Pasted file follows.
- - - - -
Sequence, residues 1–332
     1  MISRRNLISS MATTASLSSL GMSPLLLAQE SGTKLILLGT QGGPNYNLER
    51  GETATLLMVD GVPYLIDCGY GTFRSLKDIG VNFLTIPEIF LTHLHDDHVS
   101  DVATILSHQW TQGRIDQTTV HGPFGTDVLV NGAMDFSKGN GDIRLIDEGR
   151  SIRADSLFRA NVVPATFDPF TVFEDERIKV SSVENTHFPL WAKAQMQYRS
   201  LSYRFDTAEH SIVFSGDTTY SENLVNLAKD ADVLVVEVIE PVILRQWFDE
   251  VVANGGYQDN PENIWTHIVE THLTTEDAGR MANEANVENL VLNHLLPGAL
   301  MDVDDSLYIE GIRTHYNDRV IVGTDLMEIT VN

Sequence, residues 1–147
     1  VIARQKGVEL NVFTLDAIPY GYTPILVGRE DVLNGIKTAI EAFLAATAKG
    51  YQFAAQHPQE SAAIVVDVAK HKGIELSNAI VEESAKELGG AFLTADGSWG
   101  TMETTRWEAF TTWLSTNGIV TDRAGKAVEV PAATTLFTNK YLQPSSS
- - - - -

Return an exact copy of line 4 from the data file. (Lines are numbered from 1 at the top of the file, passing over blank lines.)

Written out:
   101  DVATILSHQW TQGRIDQTTV HGPFGTDVLV NGAMDFSKGN GDIRLIDEGR